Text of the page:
Thomas knocks on the door frame and sticks his head in, says, “Mornin’. Lunch game?”
“Sure. Your room or mine?”
“Yours. You can have home field advantage.”
I say, “That’s not a thing.”
Thomas grins, front teeth coffee brown. “You need all the help you can get.”
I resist yelling profanities at him.
Thomas says, “See you at lunch,” and disappears down the hall, shoulder bag bouncing. Thomas teaches AP Calc, so it’s pretty amazing we’re friends as I find it tough to interface with math people. He’s lean, no beer gut, a cross country coach who still runs with his team. Mostly, I like him because he doesn’t treat me like a leper. Some people really freak out when I tell them about the program. I’m not exaggerating when I say that there’s a whole anti-implant agenda out there. I feel it daily. People think they know what it’s like to have an implant, but they don’t. They think I’m some freak because I can adjust my emotions. I still have to get through the day like every other non-implant person. They think I have some advantage against them. Thomas knows better. I use my implant when we play chess, but I’m still awful. I’d be better off just letting my extra processor play without me, but I can’t resist, jump in, and trade the wrong piece. Thomas thinks it’s hilarious. He beat me four out of five last week, said, “Too many cooks in the kitchen, Rich.”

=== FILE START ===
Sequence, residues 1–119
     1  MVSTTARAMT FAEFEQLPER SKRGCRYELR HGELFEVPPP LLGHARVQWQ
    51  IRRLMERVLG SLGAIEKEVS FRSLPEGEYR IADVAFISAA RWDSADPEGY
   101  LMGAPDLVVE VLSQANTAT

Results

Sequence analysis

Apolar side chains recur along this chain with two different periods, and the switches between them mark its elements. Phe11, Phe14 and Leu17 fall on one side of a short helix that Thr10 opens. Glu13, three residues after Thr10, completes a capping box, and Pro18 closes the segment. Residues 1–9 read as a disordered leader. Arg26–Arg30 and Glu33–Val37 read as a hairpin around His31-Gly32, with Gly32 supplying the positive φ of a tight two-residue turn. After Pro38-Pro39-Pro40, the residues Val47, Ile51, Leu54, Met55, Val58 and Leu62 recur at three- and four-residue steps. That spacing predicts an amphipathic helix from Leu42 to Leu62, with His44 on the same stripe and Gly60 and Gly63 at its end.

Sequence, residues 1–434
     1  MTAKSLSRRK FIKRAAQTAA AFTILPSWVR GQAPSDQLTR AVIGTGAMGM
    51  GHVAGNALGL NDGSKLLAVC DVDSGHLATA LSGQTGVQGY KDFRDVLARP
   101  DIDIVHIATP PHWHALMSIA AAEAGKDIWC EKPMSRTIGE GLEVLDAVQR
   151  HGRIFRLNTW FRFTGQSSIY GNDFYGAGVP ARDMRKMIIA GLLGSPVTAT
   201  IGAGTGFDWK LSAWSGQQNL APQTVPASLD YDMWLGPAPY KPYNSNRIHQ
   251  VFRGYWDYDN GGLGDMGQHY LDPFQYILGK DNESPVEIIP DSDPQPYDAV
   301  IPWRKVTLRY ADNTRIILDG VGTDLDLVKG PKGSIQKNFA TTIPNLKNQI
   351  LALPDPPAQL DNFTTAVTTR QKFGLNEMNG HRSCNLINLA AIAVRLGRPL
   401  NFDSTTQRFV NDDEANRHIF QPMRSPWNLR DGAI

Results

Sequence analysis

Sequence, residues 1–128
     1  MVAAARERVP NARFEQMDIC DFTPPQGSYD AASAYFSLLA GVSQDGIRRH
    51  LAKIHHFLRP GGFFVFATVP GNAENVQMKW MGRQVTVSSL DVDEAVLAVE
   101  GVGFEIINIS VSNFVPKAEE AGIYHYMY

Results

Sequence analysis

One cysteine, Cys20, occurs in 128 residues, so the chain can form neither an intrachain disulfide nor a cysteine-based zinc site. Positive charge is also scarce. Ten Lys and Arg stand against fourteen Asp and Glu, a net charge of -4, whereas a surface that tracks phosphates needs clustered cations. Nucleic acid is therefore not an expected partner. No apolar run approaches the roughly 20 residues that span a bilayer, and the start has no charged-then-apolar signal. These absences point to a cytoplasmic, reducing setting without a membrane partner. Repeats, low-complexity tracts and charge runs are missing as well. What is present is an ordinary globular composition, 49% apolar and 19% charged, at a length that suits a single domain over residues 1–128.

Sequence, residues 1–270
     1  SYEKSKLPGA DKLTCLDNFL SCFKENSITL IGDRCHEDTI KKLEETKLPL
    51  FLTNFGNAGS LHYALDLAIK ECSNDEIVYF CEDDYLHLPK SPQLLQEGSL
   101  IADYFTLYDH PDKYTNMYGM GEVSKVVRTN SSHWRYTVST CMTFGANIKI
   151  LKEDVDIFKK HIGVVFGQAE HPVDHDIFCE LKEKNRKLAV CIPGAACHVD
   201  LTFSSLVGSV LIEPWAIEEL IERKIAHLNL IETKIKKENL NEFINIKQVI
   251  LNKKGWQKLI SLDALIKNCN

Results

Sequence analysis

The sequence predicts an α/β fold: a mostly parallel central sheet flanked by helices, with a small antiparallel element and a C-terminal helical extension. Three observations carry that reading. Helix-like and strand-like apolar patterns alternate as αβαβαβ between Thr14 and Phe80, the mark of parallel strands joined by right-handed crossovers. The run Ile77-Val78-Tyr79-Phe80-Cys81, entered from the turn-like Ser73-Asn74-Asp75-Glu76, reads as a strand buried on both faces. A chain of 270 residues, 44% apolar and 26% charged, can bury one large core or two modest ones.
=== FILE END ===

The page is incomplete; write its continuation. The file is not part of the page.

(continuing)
Another odd side effect from my implant: I can’t do reCAPTCHA tests anymore. I can’t “Click on the squares with a stop sign.” or copy the scrambled word into the box. Every blessing has its curse. I got a migraine last time I tried. Now I just hand my computer or phone off to Jackie.
And don’t worry, the apocalyptic tech singularity is still way off, or at least that’s what I heard at the labs and training center. I’m just another tiny step in AI. I’m probably even a step backwards. I use most of my computing power skimming pointless WIKI stubs about game theory, World War II tank models, watching banal TV and movies from my childhood, and scrolling social media feeds. I used to do the same thing on my phone, but now I can look you in the eye and fake a conversation while drifting through the internet. Jackie gets upset when I split my attention and I don’t blame her. We bicker about implant free time, but I usually just point to everyone around us staring at their phones. She says it’s not the same. I disagree.